DMDD Diagnosis: DSM 5 Criteria for Disruptive Mood Dysregulation Disorder
Assigning the disruptive mood dysregulation disorder (DMDD) diagnosis in a child has not always been an option. In fact, this is a relatively new diagnosis, added to the Diagnostic and Statistical Manual of Mental Disorders, 5th Edition (DSM-5) in 2013.
The addition of DMDD to the DSM-5 was, in part, to address the over-diagnosis and overtreatment of bipolar disorder in children. Since disruptive mood dysregulation disorder is a newly recognized mental health disorder, there are no specific assessment tools used for diagnosis. Thus, even for trained medical and mental health professionals, it can be difficult to determine whether a child should be assigned a DMDD diagnosis or that of another psychiatric disorder. Yet, the difficulty in diagnosing is not only due to the lack of assessment tools; disruptive mood dysregulation disorder symptoms can look similar to those found in other psychiatric disorders in children (i.e. – depression, posttraumatic stress disorder, oppositional defiant disorder, bipolar disorder, etc.) Nonetheless, an accurate diagnosis is possible, as there are specific disruptive mood dysregulation disorder criteria a child must meet to receive the DMDD diagnosis.
DMDD Diagnosis: Criteria
In general, a clinician considering disruptive mood dysregulation disorder will look for severe temper outbursts and consistent irritability and anger in between the outbursts. Prior to making a diagnosis of DMDD, the clinician will rule out any other possible causes or contributing factors to the presenting DMDD symptoms. The diagnostic criteria a child must meet in order to receive a DMDD diagnosis is:
- Recurrent and severe temper tantrums or outbursts
- The tantrums/outbursts may be expressed verbally and/or behaviorally (physical aggression towards other people or property).
- The tantrums/outbursts are considered out of proportion (in duration and intensity) to the situation or triggering event
- The tantrums/outbursts are inconsistent with the child’s developmental level
- The tantrums/outbursts occur three or more times per week, on average
- Persistent irritability or anger
- The irritable/angry mood occurs nearly every day, for most of the day
- The irritable/angry mood is observable by others (peers, parents, teachers, etc.)
- The recurrent temper tantrums and persistent irritability/anger have been present for 12 months or longer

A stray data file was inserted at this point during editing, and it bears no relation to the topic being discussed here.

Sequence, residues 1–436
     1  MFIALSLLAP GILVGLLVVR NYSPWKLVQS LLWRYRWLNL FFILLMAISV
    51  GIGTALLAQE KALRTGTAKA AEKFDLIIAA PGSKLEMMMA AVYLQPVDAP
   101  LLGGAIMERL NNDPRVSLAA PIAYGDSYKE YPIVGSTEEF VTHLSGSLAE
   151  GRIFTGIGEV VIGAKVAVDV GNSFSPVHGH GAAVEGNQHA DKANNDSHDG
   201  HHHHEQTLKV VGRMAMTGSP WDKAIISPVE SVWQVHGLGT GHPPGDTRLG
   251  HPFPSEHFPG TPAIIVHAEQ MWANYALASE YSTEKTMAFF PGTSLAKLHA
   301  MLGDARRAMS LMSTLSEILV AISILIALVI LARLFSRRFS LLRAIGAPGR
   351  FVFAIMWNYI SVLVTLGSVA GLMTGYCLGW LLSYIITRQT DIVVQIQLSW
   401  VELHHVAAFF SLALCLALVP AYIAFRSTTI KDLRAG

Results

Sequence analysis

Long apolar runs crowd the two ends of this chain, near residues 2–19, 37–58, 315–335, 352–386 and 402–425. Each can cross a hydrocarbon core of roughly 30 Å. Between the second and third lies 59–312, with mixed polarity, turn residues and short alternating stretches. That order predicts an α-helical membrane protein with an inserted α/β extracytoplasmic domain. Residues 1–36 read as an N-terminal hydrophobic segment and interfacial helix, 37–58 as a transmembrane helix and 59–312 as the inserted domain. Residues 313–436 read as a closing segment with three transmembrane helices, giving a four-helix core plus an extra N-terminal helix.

- Throughout the 12 months of ongoing temper tantrums and irritability/anger, the child has not had a period lasting 3 or more consecutive months without all of the diagnostic symptoms.
- Symptoms are present in at least two of three primary settings, either home, school, or in social situations.
- Symptoms are severe in at least one of the three primary settings.
- DMDD diagnosis should not be assigned before age 6 or after age 18.
- The age of onset of disruptive mood dysregulation disorder is before 10 years old.
- The symptoms are not better explained by another mental illness, such as depression, posttraumatic stress disorder, or autism (DMDD and Autism: How Are the Two Related?).
Disruptive Mood Dysregulation Disorder Controversy
The addition of DMDD to the DSM-5 is helpful in many ways, but it comes with controversy as well. Many are concerned this new mental health disorder will lower the threshold for diagnosing children who are perhaps just going through a difficult time (What are the Causes of DMDD?). There is fear DMDD will be over-diagnosed (as was previously the case with bipolar disorder), as tantrums and bad moods are not uncommon in children. Yet being inaccurately diagnosed with DMDD prevents professionals from identifying what might truly be going on with a child.
Jarrold, J. (2018, July 22). DMDD Diagnosis: DSM 5 Criteria for Disruptive Mood Dysregulation Disorder, HealthyPlace. Retrieved on 2020, July 4 from https://www.healthyplace.com/parenting/dmdd/dmdd-diagnosis-dsm-5-criteria-for-disruptive-mood-dysregulation-disorder